Category Archives: Boston LGBT Film Festival



“My Life With James Dean”

A French Comedy

Amos Lassen

“My Life With James Dean” is the story of filmmaker Géraud Champreux (Johnny Rasse) who has been invited to a small Northern seaside town of Le Tréport in the Normandy region of France by the local film curator to screen his latest indie film.  His trip gets off to a bad start when a young boy steals his cell phone and his host Sylvie van Rood (Nathalie Richard) is missing and the only two employees at the cinema claim to know nothing about the special screening.

Géraud checks into the local hotel and he is relieved to find out that they are expecting him, although getting the rather eccentric receptionist to help is not easy.

Back at the cinema, the film has been found and the screening goes ahead playing to an audience of just one little old lady.  What she thinks of the very explicit gay film that Géraud has made is never made as to why they are showing such a graphic film in this provincial place.

Next morning Madame van den Rood appears and is apologetic. It seems that her roller-coast love life with her girlfriend took a turn for the worse. Meanwhile, Balthazar (Mickael Pelissier) the very young cinema projectionist who Géraud had spoken with briefly has declared his undying love for the filmmaker.

Life gets even more complicated when the star of the  film also turns up to explain that his relationship with Géraud is definitely over at about the same time, Géraud learns that Balthazar is jail bait, plus the little old lady who has been seeing the movie every night, is none other than Géraud’s estranged mother. Can it get any crazier?

While the plot is both crazy and silly but it has a wonderful level of warmth throughout that makes it such a pleasure to watch. Writer/director Dominique Choisy’s film is irresistibly bizarre, at times dizzyingly romantic and erotic and at other times intense. It is also a love letter to independent cinema in France n that it is a rare film whose constant twists and turns genuinely surprise and grip you – sometimes in laughter and sometimes by the throat – up until the very last moment on screen.

“BIXA TRAVESTY”— Independence and Strength

“Bixa Travesty”

Independence and Strength

Amos Lassen

“Bixa Travesty” has something to say about the gender binary. This is a documentary about the life and times of Linn da Quebrada, a self-proclaimed “tranny fag” born out of a rough neighborhood of São Paulo. She takes on her personal journey in which she reveals and proclaims her insights on what it means to be a woman thus giving us .a new perspective on the definition of the word.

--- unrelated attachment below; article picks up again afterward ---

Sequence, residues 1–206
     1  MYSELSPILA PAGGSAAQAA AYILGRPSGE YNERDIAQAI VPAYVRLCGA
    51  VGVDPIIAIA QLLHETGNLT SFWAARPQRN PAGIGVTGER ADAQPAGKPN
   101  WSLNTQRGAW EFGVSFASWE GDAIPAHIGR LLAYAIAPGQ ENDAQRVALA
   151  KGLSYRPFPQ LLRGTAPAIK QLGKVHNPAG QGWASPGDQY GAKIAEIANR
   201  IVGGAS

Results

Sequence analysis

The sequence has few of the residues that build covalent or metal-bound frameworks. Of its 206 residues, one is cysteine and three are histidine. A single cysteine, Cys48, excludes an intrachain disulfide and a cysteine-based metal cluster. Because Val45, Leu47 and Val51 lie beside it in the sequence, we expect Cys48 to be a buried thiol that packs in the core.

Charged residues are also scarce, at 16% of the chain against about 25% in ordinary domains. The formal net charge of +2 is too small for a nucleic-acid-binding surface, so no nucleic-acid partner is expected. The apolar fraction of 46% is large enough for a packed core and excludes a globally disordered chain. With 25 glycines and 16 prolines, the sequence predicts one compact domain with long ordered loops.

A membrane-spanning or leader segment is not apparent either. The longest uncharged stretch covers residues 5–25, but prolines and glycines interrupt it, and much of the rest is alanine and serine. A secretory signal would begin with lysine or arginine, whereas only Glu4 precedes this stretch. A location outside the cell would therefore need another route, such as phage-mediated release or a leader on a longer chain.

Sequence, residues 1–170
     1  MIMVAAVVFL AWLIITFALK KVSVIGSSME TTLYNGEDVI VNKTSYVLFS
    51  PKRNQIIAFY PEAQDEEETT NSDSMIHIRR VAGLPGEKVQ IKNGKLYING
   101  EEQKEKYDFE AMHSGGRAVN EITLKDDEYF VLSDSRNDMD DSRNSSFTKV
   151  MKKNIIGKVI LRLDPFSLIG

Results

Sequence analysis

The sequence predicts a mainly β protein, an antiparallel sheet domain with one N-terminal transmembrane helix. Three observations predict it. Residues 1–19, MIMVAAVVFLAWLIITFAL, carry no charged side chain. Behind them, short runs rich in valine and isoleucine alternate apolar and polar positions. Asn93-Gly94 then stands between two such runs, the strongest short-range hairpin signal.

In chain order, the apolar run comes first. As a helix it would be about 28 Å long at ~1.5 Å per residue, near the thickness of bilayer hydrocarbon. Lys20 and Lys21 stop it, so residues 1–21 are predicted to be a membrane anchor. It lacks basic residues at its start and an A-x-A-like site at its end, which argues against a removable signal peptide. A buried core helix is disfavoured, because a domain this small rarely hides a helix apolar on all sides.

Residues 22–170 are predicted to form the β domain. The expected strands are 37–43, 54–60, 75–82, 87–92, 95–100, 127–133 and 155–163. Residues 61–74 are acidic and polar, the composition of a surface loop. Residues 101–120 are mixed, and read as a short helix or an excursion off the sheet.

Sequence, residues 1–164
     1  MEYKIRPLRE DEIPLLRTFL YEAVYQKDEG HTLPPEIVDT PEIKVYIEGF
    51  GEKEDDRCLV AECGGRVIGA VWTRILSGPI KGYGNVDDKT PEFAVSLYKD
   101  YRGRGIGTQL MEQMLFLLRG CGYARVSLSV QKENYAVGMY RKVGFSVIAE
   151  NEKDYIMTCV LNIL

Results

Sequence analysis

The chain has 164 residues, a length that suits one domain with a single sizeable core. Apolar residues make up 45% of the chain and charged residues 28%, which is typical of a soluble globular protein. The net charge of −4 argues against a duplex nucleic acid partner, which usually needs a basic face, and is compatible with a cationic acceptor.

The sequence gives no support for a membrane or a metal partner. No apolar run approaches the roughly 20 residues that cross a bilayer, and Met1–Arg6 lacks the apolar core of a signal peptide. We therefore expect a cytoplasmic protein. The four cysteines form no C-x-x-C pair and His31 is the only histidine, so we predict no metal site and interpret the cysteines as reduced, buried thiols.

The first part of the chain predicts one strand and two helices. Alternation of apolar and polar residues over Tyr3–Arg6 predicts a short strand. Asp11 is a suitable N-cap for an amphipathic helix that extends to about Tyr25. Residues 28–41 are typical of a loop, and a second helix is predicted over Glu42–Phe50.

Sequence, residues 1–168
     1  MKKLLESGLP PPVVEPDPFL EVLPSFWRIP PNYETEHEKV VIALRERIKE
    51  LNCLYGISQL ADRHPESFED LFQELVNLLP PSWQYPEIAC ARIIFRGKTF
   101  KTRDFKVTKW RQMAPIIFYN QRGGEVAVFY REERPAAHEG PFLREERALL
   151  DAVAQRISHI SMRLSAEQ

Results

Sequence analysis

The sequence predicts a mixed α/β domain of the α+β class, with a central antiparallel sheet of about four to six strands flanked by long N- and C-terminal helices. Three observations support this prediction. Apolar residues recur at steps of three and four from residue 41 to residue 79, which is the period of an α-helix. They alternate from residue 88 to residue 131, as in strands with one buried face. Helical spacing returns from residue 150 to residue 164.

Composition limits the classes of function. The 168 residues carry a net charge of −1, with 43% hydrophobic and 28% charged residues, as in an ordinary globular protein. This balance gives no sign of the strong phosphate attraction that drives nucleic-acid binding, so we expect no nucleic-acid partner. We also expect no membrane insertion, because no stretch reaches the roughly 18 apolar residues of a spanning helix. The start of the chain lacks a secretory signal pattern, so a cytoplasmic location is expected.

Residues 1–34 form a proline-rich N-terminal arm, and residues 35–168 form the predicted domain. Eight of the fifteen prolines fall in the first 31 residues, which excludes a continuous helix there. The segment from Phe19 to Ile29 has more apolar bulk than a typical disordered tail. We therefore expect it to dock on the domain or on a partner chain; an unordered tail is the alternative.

Her performances are loud, abrasive and unapologetic. Through the use radical self-expression, she obliterates heteronormative constructs of gender and asserts that a woman is not defined by her genitals. While many of the performances have a shock value element that can be rather coarse, directors Claudia Priscilla and Kiko Goifman also give us moments of vulnerability that reveal Quebrada’s softer side. We see these in her intimate moments at home and her artistic exploration during her cancer treatment. Informal talk radio discussions with fellow trans woman Jup do Bairro on gender, femininity and the daily struggles faced by trans women in show us a woman on the brink of a revolution. Through her art and ultimately through herself, Quebrada challenges us to think beyond what we believe we know about gender and to become open to up to the possibility of fluidity in our definitions.

Although a powerful statement for Quebrada and undoubtedly for the trans community, “Bixa Travesty” is difficult to categorize. It is a shocking film and we know that shock value is often at the core of many catalyzing moments of change in many movements, and therefore it’s understandable why this documentary is as abrasive as it is. The danger is that if these moments aren’t adequately countered with enough instances that foster empathy, the effect can be isolative.

“LIAM”— Dealing with Death


Dealing with Death

Amos Lassen

While we are alive, we tend to forget that death is a fact of life. When a young person dies, it is difficult to deal with and if it is someone we live, it is that harder to understand. This is what we face in this brilliant new film by Isidore Bethel. Not long after, Bethel graduated from Harvard, he went to France to study film and it was there that he got word that his best friend from childhood, Liam had been killed by a drunk driver.  He was just 23 years old.

Bethel decided to make a documentary film about Liam in the hopes that this would help him through the grieving process. Bethe; had never come out to his folks and did so as he began to work on the film and his parents were totally accepting. Liam’s parents are important to the film because it is basically through them that Bethel explores his own feelings about their loss of a son and his loss of a friend. Bethel’s own parents also play a huge part in accepting the tragedy. All of the characters now must see their futures dramatically changed by Liam’s death and this also includes Liam’s ex-girlfriend who had remained relatively close even though the pair had split up long before Liam’s death.

It was the loss of Liam that was responsible for Bethel’s examination his own feelings in a very public way which would have been out of character for him before this.  He intimately involves his French boyfriend in this self-examination, and learn that their very public declarations of love to each other, was not enough.

This is a very personal movie and at times I felt like I was being intrusive as I watched. Yet, this is a moving look at feelings and I applaud the director for this chance to know him. I have a feeling that we will be hearing a great deal more from him in the future.